Throughout the year Materials Design, Inc. scientists attend scientific meetings. Paul Saxe (the CEO of Materials Design, Inc.), Clive Freeman, and Phil Mages recently attended the 249th ACS National Meeting in Denver. The meeting ran from March 22 to March 27 and provided an opportunity to catch up with existing MedeA users, to learn about the latest developments in computational methods employed in the simulation of chemical systems, and to spread the word about Materials Design, Inc. Paul gave a talk on advances in thermoset and polymer-surface interaction modeling in the Polymer Modeling: Structure, Dynamics and Function session organized by Rebecca Locker and Gregory Rutledge (if you are interested in learning more about polymer modeling and/or Paul's presentation, please drop us a line at firstname.lastname@example.org).
A key theme of the ACS National Meeting this year was the chemistry of natural resources, and simulation has an increasingly important role in the optimization of materials, compositions, and processes to protect all resources. From cellulose, to crude oil, and CO₂ we are seeing MedeA and its atomistic modeling capabilities widely employed in screening materials and computing properties.
For the first time at an ACS meeting, Materials Design, Inc. had a booth in the exhibition hall, showcasing the MedeA Instrument, which provides access to a 128 core compute server with the physical footprint and power requirements of a desk-side workstation. This enabled attendees to see MedeA computations in action and to calculate properties for a wide range of systems ranging from polymers, to metals, semiconductors, inorganic glasses, small molecules and their liquids, gases, and the resulting interfaces between all these systems! (And if you are interested in learning more about MedeA or the MedeA Instrument, please don't hesitate to drop us a line on email@example.com).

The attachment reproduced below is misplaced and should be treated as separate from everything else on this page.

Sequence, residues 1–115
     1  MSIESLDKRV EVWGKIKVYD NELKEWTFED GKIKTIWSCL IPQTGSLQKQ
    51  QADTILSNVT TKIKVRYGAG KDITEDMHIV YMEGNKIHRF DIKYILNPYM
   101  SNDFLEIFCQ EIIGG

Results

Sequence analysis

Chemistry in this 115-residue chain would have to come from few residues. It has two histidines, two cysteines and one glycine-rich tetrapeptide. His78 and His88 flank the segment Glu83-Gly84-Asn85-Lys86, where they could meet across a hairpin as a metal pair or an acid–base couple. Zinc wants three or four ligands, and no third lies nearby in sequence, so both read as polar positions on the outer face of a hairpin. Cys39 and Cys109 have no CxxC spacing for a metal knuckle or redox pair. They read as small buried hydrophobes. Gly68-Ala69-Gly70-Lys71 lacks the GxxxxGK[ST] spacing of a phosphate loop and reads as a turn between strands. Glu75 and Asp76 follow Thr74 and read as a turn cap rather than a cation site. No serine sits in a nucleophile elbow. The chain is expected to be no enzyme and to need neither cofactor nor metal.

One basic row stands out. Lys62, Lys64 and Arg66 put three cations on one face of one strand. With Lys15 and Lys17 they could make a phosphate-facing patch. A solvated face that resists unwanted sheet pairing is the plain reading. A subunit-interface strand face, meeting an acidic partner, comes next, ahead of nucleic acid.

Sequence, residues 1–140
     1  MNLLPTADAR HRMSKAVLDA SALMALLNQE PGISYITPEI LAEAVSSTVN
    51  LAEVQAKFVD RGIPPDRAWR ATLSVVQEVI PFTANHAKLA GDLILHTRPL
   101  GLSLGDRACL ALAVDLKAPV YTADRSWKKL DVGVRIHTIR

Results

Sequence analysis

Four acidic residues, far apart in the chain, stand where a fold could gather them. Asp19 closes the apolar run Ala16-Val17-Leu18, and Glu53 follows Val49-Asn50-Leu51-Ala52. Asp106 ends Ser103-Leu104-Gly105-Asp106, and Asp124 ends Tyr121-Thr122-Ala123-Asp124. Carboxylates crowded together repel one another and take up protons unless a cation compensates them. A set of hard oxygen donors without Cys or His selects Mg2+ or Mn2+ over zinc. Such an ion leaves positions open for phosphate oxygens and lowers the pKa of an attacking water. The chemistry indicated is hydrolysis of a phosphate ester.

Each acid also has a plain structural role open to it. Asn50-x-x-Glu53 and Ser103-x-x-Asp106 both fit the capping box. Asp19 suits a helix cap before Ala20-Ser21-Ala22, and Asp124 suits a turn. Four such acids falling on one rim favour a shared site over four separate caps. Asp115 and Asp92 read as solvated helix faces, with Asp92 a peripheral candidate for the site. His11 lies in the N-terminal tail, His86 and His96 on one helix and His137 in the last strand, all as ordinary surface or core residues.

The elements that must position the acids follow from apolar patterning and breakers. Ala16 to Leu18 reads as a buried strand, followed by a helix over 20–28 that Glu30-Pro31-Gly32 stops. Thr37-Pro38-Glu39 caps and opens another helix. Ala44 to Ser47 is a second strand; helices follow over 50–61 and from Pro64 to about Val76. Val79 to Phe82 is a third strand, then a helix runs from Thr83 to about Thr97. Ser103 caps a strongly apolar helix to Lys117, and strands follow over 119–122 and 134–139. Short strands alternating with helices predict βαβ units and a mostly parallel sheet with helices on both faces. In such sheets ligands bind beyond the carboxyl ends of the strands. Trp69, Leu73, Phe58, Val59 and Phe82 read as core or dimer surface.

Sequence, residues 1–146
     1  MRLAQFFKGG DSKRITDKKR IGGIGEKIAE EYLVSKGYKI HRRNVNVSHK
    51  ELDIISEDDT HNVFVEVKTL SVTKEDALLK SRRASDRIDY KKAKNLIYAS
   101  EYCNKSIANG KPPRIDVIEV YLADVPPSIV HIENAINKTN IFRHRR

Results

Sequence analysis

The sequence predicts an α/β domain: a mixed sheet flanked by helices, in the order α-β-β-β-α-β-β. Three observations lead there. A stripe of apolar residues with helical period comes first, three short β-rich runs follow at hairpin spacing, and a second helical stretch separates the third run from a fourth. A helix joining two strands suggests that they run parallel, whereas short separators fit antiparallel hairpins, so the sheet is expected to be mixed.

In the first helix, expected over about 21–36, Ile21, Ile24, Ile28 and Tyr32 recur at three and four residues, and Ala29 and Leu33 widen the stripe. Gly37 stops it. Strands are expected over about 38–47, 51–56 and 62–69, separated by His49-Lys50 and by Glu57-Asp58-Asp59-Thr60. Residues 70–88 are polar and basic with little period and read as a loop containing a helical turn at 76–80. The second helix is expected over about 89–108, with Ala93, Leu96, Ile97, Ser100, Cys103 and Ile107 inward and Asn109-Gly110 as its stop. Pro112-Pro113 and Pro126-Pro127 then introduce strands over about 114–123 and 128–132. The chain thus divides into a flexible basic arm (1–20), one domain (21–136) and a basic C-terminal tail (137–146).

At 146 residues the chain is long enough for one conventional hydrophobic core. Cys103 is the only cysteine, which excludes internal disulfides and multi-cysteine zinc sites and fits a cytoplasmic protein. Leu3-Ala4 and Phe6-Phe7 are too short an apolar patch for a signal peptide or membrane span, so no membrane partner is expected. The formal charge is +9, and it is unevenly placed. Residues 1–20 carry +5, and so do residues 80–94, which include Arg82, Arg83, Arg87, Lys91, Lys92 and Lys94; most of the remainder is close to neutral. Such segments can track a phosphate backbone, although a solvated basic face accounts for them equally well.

The team from Materials Design, Inc. had a great conference, and we hope that you did too if you attended. It was a real pleasure meeting everyone at the scientific talks, and poster sessions, and at the exhibition, and as always the science and technology were stimulating and inspiring. Atomistic and electronic simulation methods have come a long way in the last few years, and developments such as the turn-key MedeA Instrument and the general usability of MedeA are helping to make such methods ever more accessible.